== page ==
How much does it really cost you to move into a higher tax bracket?
Myths and misconceptions about the tax code are rampant and clients frequently express their concerns about a variety of tax-related issues. One topic that comes up frequently is our federal government’s graduated tax bracket system. Oftentimes, people worry that if they make “too much” money, their entire income will be taxed at a higher rate – a worry that has kept countless hard-working taxpayers up at night. But are these concerns valid? Hopefully, by diving into the issue of how much it actually costs to move into a higher tax bracket, I can provide some reassurance.
Getting To Know The Graduated Tax Bracket System
Most taxpayers understand that our tax bill is determined by how our income is classified within the federal government’s tax bracket system, which is why it’s easy to conclude that those who have higher incomes will be taxed at a higher rate – determined by their tax bracket. But that simple explanation only tells part of the story. Sure, higher income plays a large role in determining your tax bracket. But so does the manner in which you file – “single,” the “head of household,” “married filing jointly,” or “married filing separate.” Once your tax bracket has been determined, however, a greater misunderstanding concerning the “graduated” manner by which your income is taxed comes into play.
Simply put, while all taxpayers will fall into one of the following tax brackets: 10 percent, 15 percent, 25 percent, 28 percent, 33 percent and 39.5 percent; your designated taxable percentage will not be assessed to your entire income.
Tax professionals will often hear that their clients “don’t want to earn too much money” in fear that they will be reassigned to a higher tax bracket and all their income will be taxed at a higher rate. Ultimately, they don’t want their tax payments to sharply increase simply because they made a little more money this year than they had in previous years. If this were the case, I would be worried about making “too much money” too, but because our tax bracket system is “graduated,” this is not the case.
For example, just because you made an extra $1,000 this year and were bumped up to the 28 percent tax bracket this year doesn’t mean that your entire income will now be taxed at 28 percent – only that last $1,000 will be taxed at the higher rate. The rest of your income will continue to be taxed as it had been in previous years – in graduated stages.
The Break Down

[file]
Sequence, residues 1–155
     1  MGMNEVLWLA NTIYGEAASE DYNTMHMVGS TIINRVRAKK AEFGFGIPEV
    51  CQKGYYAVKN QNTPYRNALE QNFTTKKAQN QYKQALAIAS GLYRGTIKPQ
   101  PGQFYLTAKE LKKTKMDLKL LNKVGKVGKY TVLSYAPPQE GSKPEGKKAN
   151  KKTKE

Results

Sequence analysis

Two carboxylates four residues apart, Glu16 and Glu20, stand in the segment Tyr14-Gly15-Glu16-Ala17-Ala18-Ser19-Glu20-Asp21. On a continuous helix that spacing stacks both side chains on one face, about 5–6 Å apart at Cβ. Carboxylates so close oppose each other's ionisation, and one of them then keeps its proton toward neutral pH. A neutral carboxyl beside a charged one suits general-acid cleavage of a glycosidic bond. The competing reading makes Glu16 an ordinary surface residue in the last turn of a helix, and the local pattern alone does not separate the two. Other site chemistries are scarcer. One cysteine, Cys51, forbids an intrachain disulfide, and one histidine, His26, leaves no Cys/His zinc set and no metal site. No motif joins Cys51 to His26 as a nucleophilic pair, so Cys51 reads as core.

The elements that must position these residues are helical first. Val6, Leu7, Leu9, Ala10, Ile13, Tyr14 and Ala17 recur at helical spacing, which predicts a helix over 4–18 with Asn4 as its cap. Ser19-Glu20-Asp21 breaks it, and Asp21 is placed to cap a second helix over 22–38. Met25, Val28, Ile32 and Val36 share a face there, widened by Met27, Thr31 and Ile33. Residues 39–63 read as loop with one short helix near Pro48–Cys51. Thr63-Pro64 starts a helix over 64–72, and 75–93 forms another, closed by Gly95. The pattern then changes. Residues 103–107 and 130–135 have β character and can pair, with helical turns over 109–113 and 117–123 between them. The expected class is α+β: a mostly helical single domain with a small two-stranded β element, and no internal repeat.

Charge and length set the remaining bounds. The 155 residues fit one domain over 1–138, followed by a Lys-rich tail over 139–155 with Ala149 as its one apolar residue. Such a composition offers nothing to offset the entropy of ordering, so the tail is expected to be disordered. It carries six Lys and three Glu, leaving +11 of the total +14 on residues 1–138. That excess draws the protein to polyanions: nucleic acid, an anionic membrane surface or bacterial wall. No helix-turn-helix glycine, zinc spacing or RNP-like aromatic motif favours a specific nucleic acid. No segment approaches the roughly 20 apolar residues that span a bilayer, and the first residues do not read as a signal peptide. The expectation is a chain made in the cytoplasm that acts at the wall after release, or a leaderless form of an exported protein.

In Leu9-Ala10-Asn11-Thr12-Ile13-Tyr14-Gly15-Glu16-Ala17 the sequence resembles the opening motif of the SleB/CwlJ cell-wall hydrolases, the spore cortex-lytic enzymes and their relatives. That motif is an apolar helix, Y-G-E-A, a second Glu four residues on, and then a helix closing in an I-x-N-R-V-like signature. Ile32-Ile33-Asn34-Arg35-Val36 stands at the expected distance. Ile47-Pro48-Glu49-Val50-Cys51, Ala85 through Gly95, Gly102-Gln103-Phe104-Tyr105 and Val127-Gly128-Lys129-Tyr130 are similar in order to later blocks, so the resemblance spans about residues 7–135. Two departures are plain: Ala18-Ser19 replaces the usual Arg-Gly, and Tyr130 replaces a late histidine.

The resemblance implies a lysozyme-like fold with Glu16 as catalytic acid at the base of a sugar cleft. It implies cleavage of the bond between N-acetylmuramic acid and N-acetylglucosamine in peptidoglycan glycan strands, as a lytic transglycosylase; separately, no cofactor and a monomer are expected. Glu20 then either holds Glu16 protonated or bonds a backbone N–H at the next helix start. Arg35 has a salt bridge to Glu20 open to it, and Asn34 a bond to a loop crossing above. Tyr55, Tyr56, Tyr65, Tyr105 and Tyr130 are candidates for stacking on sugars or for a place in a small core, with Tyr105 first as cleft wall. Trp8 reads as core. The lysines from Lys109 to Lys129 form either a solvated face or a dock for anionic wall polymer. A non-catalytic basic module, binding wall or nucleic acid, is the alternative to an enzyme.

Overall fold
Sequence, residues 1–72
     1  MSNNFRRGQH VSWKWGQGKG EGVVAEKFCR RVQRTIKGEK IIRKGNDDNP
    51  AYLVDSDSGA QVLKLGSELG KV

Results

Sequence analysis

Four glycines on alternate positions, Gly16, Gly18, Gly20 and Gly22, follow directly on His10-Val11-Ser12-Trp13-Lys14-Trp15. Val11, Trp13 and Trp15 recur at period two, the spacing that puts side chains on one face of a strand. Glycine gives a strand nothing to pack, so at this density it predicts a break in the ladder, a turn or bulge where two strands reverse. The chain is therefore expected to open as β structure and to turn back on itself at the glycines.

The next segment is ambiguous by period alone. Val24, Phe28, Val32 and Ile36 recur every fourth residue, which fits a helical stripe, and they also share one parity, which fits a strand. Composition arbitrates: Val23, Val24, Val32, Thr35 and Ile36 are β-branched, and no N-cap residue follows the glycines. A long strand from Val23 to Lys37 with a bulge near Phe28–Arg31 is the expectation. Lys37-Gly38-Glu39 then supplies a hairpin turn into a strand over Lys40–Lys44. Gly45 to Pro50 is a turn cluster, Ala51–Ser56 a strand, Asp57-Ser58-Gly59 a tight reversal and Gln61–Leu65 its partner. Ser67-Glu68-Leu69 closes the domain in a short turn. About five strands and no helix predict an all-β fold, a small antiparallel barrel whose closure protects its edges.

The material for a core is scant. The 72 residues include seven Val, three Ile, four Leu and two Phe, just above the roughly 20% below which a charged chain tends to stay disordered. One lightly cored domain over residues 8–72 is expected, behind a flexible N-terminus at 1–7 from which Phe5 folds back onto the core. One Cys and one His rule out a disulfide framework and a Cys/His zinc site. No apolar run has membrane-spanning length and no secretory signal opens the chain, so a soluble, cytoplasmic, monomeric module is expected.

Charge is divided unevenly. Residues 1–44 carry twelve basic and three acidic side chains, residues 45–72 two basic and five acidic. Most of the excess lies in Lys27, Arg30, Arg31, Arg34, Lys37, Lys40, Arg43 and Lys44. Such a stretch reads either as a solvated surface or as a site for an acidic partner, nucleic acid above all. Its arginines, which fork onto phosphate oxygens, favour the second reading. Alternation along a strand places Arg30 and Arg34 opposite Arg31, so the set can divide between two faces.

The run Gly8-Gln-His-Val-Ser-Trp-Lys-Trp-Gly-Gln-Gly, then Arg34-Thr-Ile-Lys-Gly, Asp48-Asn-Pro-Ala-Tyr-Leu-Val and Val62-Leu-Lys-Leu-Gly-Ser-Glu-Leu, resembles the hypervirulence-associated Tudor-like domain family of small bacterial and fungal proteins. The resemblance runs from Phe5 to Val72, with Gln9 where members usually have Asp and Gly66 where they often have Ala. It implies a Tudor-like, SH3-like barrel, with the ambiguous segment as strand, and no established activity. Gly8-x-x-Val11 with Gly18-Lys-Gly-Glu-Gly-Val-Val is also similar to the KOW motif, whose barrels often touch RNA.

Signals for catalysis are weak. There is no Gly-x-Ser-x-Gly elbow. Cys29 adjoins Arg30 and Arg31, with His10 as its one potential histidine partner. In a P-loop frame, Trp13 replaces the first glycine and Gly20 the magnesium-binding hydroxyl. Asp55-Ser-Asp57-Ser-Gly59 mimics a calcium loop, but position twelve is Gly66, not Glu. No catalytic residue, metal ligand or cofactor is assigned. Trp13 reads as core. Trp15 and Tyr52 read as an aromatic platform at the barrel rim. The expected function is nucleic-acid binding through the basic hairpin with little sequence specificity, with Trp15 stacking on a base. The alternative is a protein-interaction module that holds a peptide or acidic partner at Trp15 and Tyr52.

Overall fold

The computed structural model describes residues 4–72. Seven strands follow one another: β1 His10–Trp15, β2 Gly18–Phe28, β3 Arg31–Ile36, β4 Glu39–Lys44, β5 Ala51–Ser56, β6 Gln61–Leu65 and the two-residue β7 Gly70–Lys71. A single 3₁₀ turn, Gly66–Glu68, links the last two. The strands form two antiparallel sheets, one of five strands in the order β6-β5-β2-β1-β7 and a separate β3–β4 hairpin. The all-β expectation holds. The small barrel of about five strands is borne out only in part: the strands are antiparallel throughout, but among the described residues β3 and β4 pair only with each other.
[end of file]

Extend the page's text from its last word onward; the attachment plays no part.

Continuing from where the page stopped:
Let’s assume that you are getting ready to file your federal income taxes and your tax status will be “married filing joint.” Based on your filing status, wages, etc., your accountant has concluded that your taxable income comes to $160,000. Even though your taxable income lands you in the 28 percent tax bracket, different portions of your income will be taxed at different rates. Based on the $160,000 figure, your income will be taxed as follows:
- First $18,450 is tax at 10 percent
- Next $56,450 is taxed at 15 percent
- Next $76,300 is taxed at 25 percent
- The Final $8,800 is taxed at 28 percent
I tell clients that until the federal government establishes a 100 percent tax bracket, you are almost always better off earning more money. In other words, don’t let the tax bracket myth stop you from earning what you are worth.
Exceptions To The Tax Rules
Hopefully the information provided above gives you greater insight into our system of tax brackets and how multiple percentages are used to determine your final tax bill. While the graduated tax bracket system is pretty standard, there are times when different methods are applied – and these methods will reinforce the claim that it costs more to earn more. For example, if you pay the alternative minimum tax (AMT) instead of adhering to the graduated tax brackets, you could be playing a flat 26 percent or 28 percent income tax rate. Because this flat rate is applied to your entire income, you end up paying a larger tax bill. Another way in which you may wind up paying more to the government based on your tax bracket is if your income exceeds phase-out thresholds on certain tax incentives, such as the child tax credit and college tuition tax credits (American Opportunity Tax Credit and the Lifetime Learning Tax Credit). But, again, depending on how much more you stand to earn over the specified phase-out limit, it may still benefit you to earn more income.
Tax situations can vary widely from one individual to another and the best course of action is to discuss your unique situation with a certified tax professional. Email Rea & Associates to learn more about graduated tax brackets and steps you can take today to invest in your financial wellbeing.
By Mark Fearon, CPA (New Philadelphia office)